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Business Ethics Forum draws lecturers to campus

Nov. 2, 2004

By JANICE MARIE FERGUSON, reporter

As part of the Hankamer School of Business' mission to produce ethical business leaders, the school's officials organized the third annual Business Ethics Forum.

The purpose of the forum is to encourage dialogue between faculty, students and business professionals about ethical issues in business today and issues students may have to examine when they join the work force.

According to Dr. Donald Schmeltekopf, conference planning committee chairman, officials expect at least 400 students to attend the free, three-day conference set for Nov. 3-5.

Sponsored by the Harry and Hazel Chavanne Endowment for Christian Ethics in Business and the Ethics Officer Association (EOA), the forum will provide a platform for speakers from across the nation.

According to Schmeltekopf, Baylor provost emeritus and the current Harry and Hazel Chavanne Professor of Christian Ethics, business ethics is a hot topic, especially after the recent, widely publicized, corporate scandals.

"It's a very timely topic and one that's not going away," he said.

Schmeltekopf said business students need to be aware of ethics in the workplace.

"Most students want to do what's right," he said. "[They] need to be careful, and mindful and pay attention."

According to C.J. Jackson, director of business school communications and marketing, students will know how to handle questionable situations better if they've had a chance to think about possible solutions and outcomes.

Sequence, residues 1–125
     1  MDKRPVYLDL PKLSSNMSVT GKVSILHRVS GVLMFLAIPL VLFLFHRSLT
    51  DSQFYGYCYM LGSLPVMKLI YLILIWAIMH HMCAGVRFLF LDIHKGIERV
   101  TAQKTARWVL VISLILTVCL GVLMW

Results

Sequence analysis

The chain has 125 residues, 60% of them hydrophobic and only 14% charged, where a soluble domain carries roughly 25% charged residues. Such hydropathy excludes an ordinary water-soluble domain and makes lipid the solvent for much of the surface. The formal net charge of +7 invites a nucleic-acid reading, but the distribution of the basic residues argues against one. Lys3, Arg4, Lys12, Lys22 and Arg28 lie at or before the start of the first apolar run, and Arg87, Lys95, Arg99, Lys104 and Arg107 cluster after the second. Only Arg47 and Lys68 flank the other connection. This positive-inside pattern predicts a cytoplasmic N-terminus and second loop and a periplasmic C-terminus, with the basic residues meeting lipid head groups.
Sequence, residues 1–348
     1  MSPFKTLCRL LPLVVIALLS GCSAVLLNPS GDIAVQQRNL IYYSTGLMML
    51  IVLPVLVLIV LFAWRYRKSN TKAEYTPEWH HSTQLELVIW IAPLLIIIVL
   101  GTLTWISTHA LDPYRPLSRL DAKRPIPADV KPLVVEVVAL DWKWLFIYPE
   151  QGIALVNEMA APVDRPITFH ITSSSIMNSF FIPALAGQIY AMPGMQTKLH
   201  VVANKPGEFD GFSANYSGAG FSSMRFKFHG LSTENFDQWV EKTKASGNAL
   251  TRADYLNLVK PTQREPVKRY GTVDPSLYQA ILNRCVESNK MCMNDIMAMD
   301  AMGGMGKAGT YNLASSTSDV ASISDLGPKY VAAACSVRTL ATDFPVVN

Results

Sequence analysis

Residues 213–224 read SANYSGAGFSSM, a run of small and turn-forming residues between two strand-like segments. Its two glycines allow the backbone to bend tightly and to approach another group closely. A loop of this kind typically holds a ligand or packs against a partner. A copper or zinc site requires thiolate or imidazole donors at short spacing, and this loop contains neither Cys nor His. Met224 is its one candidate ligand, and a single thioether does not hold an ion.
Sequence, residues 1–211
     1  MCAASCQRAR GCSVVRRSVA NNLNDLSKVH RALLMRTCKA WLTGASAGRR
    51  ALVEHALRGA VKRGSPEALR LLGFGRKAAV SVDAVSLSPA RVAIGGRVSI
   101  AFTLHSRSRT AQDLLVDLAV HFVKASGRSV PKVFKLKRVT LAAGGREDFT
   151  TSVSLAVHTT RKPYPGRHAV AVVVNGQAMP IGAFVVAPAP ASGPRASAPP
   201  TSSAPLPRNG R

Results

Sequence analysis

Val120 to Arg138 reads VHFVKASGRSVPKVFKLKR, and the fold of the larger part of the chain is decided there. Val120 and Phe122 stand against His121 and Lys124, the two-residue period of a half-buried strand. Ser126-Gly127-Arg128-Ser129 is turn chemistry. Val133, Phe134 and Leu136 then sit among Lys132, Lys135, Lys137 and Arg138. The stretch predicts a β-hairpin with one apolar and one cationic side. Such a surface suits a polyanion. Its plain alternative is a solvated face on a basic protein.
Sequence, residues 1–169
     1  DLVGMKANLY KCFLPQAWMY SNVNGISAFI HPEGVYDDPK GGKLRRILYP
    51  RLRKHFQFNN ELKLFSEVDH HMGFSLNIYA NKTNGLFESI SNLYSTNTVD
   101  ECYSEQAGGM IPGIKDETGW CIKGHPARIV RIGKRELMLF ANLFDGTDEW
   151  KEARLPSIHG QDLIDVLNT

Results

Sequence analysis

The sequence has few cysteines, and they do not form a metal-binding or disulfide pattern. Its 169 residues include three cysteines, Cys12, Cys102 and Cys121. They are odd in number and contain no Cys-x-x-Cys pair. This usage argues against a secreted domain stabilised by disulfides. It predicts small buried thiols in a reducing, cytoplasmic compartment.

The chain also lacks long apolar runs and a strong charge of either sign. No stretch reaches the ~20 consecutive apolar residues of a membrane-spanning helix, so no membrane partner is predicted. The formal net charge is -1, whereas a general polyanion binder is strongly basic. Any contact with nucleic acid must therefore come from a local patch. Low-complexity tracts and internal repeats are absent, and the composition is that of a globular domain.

Jackson said Baylor business students are taught in three areas of business practice -- theoretical, hands-on and ethics and values. She said ethics and values is one of the most important aspects of professional business conduct.

"We feel like it's so important that it's worth setting aside a week to focus on ethics," Jackson said.

The conference will begin Wednesday with presenter Gary Weaver, professor of management at University of Delaware, speaking on "What I Wish I'd Known Before I Started That Job."

Weaver's lecture is from 11:45 a.m. to 1:45 p.m. with a complimentary luncheon on the fifth floor of the Cashion Academic Center.

The second session will feature Edward S. Petry, EOA executive director.

Petry will speak Wednesday about "Emerging Trends in Corporate Ethics" from 4 to 5p.m. on the fifth floor of Cashion with complimentary Dr Pepper floats served before the session.

Nine business practitioners, sponsored by EOA, will be guest speakers in business classrooms Thursday. These speakers come from several nationally renowned business corporations.

Friday's activities will focus on accounting, according to Schmeltekopf.

An invitation-only lecture and luncheon is scheduled Friday from noon-1:15 p.m. on the fifth floor of Cashion.

As part of the Ben H. Williams Distinguished Speaker Series, Charles Niemeier, member of the Public Company Accounting Oversight Board, will speak about "The Value of Integrity."

Concluding the conference activities will be a "Roundtable on Integrity and Reporting." Roundtable discussion will focus on issues involved with complying with the Sarbanes-Oxley Act, an investor protection reform act passed into law in 2002.

Jackson said anyone interested in entering a business career should be concerned with business ethics and this conference gives those students an opportunity to think about how one might react to a situation beforehand.

Conference lectures, with the exception of the Friday lecture and luncheon, is free and open to all students, faculty and business professionals.